Jimi Hendrix was like no other guitarist or songwriter. While listening, I think of some of his imitators, especially Robin Trower. More often I recall a pivotal figure in jazz, Charlie Parker, who changed the course of the music. Also, Hendrix’s use of feedback mirrors the experiments of avant-garde jazz musicians of the 60s.
“Purple Haze” would immediately place a movie in the late 60s. “I Don’t Live Today” could prove potent in a mystery or action film in which a character heads toward certain death. I hear “Third Stone from the Sun” in a strange cosmic western.
In a year filled with stunning album releases, including Surrealistic Pillow, the Doors, and Sgt. Pepper’s Lonely Hearts Club Band, the Jimi Hendrix Experience’s 1967 debut stands out. Hendrix’s formidable guitar skills were matched by equally strong songwriting and an eye-catching sartorial style, even in a time of flashy dress.
While the recording of Are You Experienced—with extreme stereo panning and odd vocal placement— places it in its time, the music remains futuristic and exotic. Hendrix led a powerful band that helped bring his ideas to fruition. Drummer Mitch Mitchell exerted dynamics and thrust, along with a jazz component, and bassist Noel Redding served as a fluid and inventive player long overdue for a reappraisal of his importance to Hendrix’s first three LPs.
Reprise Records released Are You Experienced in the U.S.A. in August, four months after Track Records released it in the U.K. Reprise removed three songs from the Track release, substituted “Purple Haze,” “Hey Joe,” and “The Wind Cries Mary,” and re-sequenced the running order.
George Marino and Eddie Kramer executed the all-analog master of Are You Experienced for its 2010 reissue on vinyl, and in the process opened up the music and expanded the soundstage. The distortion on the opening of “Purple Haze” is now more palpable, and Mitchell’s snare carries a more satisfying snap than my early pressing of the album. His kick drum solidly thumps behind Hendrix’s guitar, and Redding’s bass feels cleaner and sharper. It’s easier to discern the notes that comprise Hendrix’s swirling guitar chords. And his voice in the right channel teems with fullness. Hendrix’s spoken words in the left channel during the guitar solo are also more audible, and the tongue clicks that follow the solo seemingly reach out of the speakers.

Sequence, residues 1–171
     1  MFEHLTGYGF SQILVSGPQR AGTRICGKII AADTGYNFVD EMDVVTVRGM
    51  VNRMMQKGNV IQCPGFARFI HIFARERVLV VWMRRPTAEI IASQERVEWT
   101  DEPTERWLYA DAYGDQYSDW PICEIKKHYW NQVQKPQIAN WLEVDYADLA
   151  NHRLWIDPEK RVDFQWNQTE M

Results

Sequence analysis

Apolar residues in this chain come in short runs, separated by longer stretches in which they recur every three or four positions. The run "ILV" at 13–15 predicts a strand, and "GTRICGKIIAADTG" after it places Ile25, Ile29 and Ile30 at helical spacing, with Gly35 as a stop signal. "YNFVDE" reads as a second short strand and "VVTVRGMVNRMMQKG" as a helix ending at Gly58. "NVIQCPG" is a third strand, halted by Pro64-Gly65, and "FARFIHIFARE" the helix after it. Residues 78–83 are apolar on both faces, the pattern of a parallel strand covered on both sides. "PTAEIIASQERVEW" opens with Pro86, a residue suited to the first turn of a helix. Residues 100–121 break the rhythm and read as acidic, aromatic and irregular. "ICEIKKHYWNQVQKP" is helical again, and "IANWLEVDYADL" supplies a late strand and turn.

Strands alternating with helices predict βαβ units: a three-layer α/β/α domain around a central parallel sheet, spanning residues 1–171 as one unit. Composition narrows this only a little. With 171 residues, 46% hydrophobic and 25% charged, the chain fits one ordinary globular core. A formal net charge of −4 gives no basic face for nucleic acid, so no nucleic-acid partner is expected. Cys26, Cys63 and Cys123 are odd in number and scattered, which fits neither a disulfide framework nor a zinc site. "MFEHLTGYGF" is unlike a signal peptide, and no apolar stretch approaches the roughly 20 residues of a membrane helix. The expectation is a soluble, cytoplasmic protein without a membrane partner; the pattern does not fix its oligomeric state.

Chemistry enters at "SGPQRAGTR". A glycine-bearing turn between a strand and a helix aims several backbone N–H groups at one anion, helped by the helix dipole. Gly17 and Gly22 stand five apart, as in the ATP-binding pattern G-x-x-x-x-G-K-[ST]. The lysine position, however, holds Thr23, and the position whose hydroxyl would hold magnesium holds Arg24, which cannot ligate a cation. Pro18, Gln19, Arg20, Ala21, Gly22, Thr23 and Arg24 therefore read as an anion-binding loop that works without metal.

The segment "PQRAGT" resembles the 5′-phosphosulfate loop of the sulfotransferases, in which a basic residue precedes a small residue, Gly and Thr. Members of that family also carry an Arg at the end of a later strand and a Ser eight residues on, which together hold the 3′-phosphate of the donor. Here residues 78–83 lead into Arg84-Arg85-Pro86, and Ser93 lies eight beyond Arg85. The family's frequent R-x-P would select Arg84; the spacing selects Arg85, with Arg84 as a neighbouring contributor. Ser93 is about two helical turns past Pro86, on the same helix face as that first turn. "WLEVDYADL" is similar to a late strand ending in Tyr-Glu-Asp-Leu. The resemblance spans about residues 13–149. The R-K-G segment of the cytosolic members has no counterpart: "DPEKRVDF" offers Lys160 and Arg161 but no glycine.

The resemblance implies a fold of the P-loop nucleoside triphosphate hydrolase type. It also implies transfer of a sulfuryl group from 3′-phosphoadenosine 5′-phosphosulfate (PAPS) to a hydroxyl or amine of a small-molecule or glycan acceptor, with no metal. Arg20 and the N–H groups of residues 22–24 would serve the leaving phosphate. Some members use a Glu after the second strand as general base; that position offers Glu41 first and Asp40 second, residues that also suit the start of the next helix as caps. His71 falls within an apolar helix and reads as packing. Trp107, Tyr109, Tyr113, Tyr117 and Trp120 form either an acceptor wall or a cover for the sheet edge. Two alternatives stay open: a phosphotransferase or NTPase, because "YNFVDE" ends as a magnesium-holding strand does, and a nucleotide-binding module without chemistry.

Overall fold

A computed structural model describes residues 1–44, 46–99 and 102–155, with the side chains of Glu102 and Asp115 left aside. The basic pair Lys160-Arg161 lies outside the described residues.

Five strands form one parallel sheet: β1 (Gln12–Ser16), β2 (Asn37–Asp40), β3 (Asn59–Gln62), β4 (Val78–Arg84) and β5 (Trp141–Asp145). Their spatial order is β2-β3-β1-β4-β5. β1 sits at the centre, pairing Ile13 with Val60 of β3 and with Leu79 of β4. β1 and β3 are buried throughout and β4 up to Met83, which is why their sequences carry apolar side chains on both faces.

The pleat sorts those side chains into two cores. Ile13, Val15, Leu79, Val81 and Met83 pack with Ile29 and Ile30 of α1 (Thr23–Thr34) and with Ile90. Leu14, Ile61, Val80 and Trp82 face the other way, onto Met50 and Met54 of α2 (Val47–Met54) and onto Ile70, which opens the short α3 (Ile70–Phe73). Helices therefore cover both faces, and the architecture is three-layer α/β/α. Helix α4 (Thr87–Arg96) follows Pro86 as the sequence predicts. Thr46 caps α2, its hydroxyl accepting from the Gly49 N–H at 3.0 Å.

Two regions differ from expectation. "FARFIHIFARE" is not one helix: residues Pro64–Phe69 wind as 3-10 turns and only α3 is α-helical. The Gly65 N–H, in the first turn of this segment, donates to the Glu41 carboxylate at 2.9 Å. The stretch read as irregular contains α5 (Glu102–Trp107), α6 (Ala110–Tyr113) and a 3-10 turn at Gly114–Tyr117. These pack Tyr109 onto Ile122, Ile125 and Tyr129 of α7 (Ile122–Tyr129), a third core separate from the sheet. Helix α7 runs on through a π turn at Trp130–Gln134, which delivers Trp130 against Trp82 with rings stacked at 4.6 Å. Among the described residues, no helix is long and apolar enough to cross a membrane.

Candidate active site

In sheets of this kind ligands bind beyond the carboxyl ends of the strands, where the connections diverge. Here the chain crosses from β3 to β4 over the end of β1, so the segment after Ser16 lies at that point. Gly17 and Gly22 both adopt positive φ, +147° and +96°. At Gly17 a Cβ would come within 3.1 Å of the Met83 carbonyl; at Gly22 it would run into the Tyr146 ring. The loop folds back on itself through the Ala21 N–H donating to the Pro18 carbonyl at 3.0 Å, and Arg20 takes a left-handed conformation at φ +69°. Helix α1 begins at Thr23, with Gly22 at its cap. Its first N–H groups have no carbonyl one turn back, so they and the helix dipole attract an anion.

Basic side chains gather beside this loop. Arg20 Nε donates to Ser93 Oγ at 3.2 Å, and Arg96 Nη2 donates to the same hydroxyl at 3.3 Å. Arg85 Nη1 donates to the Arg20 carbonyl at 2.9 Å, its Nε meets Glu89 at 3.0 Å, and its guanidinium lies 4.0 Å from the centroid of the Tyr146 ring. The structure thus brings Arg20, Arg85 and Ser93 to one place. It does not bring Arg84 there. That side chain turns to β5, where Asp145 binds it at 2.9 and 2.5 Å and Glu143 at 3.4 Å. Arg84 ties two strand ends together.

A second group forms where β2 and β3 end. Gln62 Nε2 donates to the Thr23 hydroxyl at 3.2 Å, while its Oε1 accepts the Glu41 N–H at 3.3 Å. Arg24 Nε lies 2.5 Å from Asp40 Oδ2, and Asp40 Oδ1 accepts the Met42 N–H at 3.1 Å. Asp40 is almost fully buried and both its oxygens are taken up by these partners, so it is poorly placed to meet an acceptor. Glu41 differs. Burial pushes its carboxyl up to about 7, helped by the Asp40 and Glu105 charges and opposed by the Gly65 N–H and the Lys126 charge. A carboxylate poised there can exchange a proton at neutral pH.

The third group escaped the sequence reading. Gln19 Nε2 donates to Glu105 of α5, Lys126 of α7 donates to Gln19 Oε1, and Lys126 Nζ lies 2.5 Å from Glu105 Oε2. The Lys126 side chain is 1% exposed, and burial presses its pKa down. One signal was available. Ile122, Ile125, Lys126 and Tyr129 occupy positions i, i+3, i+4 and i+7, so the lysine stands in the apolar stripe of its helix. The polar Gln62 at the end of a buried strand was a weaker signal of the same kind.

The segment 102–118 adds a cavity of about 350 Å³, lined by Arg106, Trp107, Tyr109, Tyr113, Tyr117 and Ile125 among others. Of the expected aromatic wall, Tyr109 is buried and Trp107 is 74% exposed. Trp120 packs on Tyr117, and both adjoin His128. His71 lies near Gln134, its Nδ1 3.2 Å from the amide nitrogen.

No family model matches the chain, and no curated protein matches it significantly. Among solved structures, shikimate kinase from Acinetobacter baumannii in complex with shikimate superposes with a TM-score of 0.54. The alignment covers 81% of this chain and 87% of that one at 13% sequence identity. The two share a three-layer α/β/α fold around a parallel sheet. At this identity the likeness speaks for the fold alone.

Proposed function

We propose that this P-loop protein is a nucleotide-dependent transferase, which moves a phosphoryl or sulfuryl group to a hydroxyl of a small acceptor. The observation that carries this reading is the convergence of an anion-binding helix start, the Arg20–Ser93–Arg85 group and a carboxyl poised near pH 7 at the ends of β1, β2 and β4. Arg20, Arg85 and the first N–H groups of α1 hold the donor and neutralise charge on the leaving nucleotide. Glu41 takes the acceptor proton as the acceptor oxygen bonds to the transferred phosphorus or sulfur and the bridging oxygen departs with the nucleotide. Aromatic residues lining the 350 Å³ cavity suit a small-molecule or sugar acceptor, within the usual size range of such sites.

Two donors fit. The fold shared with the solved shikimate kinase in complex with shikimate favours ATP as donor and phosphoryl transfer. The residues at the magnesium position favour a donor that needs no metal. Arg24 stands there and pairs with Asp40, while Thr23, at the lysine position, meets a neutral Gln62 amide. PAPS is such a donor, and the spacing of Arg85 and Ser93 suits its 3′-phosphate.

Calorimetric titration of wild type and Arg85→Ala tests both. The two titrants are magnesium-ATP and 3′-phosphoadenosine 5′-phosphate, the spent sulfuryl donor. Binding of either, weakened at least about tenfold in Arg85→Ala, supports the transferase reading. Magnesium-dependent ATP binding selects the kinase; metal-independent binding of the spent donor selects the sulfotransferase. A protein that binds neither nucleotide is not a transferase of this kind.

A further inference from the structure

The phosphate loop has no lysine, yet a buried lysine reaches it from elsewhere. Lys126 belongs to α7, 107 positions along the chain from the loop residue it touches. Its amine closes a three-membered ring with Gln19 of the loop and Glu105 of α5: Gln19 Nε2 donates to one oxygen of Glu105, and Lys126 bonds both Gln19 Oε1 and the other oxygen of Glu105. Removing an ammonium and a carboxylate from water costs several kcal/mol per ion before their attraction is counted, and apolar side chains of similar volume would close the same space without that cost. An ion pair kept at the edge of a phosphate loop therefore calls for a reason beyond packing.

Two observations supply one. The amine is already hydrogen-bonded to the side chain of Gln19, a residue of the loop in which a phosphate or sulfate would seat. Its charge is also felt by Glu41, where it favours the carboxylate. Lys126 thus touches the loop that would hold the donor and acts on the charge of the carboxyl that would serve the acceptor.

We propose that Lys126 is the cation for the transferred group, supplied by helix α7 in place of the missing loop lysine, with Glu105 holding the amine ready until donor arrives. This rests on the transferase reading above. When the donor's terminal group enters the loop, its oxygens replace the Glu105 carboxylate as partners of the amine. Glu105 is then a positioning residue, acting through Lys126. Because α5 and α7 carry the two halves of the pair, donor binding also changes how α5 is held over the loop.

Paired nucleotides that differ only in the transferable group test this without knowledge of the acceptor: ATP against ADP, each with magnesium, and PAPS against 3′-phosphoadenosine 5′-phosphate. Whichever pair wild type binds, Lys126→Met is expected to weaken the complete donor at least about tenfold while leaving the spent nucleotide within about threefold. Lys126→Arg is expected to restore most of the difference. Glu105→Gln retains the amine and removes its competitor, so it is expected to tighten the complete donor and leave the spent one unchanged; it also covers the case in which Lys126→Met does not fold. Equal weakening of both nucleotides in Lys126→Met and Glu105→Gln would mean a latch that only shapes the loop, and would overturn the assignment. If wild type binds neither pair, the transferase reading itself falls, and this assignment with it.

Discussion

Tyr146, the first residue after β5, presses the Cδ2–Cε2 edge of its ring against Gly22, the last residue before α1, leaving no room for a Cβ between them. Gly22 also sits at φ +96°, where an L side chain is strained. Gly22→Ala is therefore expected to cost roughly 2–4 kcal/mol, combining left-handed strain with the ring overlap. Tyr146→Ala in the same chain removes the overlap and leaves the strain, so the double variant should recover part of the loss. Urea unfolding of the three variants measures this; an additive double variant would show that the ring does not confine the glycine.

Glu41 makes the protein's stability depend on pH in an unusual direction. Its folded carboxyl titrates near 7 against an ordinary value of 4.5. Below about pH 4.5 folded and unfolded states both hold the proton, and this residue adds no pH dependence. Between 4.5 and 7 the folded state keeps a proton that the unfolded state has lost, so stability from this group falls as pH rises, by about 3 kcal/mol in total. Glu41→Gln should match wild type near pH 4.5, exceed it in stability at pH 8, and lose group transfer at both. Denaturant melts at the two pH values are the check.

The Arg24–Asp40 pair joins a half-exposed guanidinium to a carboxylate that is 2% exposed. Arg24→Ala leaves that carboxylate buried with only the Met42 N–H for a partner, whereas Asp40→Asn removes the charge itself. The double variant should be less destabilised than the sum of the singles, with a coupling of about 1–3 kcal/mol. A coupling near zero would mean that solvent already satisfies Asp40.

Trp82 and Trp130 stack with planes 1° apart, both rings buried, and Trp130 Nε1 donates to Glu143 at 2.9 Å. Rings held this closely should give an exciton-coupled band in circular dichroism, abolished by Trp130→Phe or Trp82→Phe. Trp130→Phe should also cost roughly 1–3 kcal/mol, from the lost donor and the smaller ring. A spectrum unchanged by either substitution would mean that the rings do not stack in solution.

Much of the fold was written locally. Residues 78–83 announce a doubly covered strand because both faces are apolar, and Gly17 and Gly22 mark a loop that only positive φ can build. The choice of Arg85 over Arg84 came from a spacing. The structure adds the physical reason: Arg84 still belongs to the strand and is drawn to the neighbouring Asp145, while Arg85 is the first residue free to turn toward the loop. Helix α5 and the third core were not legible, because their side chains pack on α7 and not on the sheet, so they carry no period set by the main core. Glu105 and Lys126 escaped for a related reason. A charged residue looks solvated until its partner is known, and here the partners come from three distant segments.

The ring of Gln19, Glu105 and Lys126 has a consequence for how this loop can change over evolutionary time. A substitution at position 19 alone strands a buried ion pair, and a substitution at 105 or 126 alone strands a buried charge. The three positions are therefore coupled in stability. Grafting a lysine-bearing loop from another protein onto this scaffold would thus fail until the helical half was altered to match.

The solid ring of Mitchell’s drums on “Manic Depression,” as well as the splash of the cymbals, drastically adds to the excitement of the track on the new pressing. By comparison, on my early pressing, Mitchell’s drums sound reserved and lack momentum. Individual notes on Redding’s bass throughout the effort give the music a better foundation and help keep it focused. On the early LP, the bass lines are present, but somewhat puffy and indistinct.
Really, everything about the 2010 edition sounds better. The complexity of Hendrix’s chords on “I Don’t Live Today,” as well as the feedback that builds during the song, features far greater clarity and detail. Multi-tracked vocals are also broader and more convincing. On “May This Be Love,” Hendrix’s chords and pull-offs have room to expand and register, whereas they quickly decay on the older pressing. Similarly, the beauty of Hendrix’s chord structures on “The Wind Cries Mary” unfolds with extra spaciousness, and Mitchell’s snare echoes soundly in the right channel, adding to the drama. The waves of Hendrix’s solo, built on single notes and chord runs, blossom with noticeable richness. The sonic thrills of “Third Stone from the Sun,” with its sound effects, feedback, and dynamic force, comes through with far greater resolution.
Marino also did the vinyl cut for the 1997 2-LP reissue for MCA. That pressing, mastered from digital files, possesses plenty of detail, but lacks the generous sense of space conveyed by the newer version. It also displays some top-end edginess. For all the high-frequency detail on the 2010 reissue, it never turns bright or fatiguing.
Current pressings of the album stem from Quality Records Pressings and meet the plant’s high standards for flatness and quiet backgrounds. The cover is heavyweight cardboard, with finely reproduced original cover art. The interior gatefold includes a series of color photos of Hendrix playing and some handwritten text by the guitarist. The enclosed booklet is a larger-sized version of the CD booklet that has appeared with the recording since its 1997 digital reissue.
I have a nostalgic attachment to my old copy of the LP, but the newer pressing is much more revealing and exciting. Even if you have the 1997 2LP set, which includes tracks from the U.K. release of the album as well as some B-sides from singles, this sonically superb pressing sonic remains the one to own.
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